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Dokumenttyp:
journal article 
Autor(en):
Langwieser, Nicolas; Buyer, Dominique; Schuster, Tibor; Haller, Bernhard; Laugwitz, Karl-Ludwig; Ibrahim, Tareq 
Titel:
Bare metal vs. drug-eluting stents for extracranial vertebral artery disease: a meta-analysis of nonrandomized comparative studies. 
Abstract:
To compare through meta-analysis the use of drug-eluting stents (DES) vs. bare metal stents (BMS) in the treatment of extracranial vertebral artery (EVA) disease.A literature search of the PubMed database was conducted to identify English-language articles in which both BMS and DES stenting were performed for EVA stenosis by the same investigator(s). Further, eligible studies had to provide data on in-stent restenosis during follow-up. The search identified 9 nonrandomized studies that met the inclusion criteria. The random effects model was employed to pool data. Meta-regression analyses were performed to evaluate the relationships between risk of restenosis and the age of patients, the length of follow-up, or the percentage of male patients.Reported technical success was high (range 99.2%-100%) and comparable for BMS [100% (276/276)] and DES [99.4% (166/167)]. The use of DES was associated with significantly lower (p<0.0001) overall restenosis rates [8.2% (14/170) over follow-up periods averaging 16 to 43 months] compared to BMS [23.7% (68/287) over mean follow-up periods of 19 to 46 months]. Moreover, DES showed significantly lower symptomatic restenosis rates as compared to BMS [4.7% (8/169) for DES vs. 11.6% (32/275) for BMS; p=0.005]. There was no change in the risk of restenosis for any factor explored in the meta-regression analysis.This meta-analysis demonstrates that the use of DES for extracranial vertebral artery stenting significantly reduces both the rate of restenosis and recurrence of symptoms as compared to BMS. In future, randomized trials are needed to support these findings.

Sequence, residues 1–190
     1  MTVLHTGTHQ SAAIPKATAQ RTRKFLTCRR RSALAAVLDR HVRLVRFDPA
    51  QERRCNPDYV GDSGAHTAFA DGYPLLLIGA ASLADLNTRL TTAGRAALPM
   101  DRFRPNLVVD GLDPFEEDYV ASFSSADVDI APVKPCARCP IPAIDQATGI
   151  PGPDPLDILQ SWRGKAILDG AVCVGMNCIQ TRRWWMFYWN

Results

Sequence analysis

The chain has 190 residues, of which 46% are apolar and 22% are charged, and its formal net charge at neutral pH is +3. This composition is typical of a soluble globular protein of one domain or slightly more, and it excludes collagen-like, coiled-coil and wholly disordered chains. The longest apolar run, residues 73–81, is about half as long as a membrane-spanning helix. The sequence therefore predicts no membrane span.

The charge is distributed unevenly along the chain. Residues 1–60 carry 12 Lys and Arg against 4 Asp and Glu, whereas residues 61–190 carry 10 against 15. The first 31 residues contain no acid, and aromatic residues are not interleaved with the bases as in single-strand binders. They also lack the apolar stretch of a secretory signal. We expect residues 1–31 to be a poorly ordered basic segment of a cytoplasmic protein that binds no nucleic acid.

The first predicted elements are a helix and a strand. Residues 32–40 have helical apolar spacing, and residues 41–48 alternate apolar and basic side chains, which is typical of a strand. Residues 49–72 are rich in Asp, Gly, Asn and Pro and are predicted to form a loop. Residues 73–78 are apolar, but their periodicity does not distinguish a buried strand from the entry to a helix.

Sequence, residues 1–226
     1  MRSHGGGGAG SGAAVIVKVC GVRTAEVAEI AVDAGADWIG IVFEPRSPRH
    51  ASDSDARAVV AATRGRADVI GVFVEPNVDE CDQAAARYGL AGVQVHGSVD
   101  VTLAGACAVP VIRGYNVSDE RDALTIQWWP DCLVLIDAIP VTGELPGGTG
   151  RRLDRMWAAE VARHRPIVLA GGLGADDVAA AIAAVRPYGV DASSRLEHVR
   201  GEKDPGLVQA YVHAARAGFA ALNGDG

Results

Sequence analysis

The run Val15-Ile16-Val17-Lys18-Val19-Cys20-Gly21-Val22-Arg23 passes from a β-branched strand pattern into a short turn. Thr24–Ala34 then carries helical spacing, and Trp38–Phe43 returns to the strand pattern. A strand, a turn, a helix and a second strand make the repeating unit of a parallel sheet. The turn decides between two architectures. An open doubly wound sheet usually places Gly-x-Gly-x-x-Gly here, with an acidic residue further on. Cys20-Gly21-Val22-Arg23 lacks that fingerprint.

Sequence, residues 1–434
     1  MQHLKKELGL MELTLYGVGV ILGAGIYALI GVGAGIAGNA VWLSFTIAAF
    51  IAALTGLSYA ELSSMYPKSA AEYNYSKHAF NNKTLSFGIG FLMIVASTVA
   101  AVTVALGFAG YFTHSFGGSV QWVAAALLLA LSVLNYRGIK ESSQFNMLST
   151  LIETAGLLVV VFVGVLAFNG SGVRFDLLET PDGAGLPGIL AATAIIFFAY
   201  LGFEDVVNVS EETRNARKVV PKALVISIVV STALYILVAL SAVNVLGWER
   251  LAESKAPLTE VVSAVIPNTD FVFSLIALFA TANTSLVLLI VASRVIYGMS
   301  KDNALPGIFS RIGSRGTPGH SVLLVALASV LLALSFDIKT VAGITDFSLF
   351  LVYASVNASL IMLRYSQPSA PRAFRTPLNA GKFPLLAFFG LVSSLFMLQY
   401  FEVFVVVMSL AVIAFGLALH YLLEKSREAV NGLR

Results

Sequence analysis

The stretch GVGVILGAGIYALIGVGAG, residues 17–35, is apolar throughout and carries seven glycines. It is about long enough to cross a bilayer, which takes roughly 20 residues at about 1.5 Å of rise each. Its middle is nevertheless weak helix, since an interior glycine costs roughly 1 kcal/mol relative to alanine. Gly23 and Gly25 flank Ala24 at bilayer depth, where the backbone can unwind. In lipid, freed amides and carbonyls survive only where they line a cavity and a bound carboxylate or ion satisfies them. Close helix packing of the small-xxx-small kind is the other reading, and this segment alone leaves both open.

Zeitschriftentitel:
J Endovasc Ther 
Jahr:
2014 
Band / Volume:
21 
Heft / Issue:
Seitenangaben Beitrag:
683-92 
Sprache:
eng 
Print-ISSN:
1526-6028 
TUM Einrichtung:
I. Medizinische Klinik und Poliklinik; Institut für Medizinische Statistik und Epidemiologie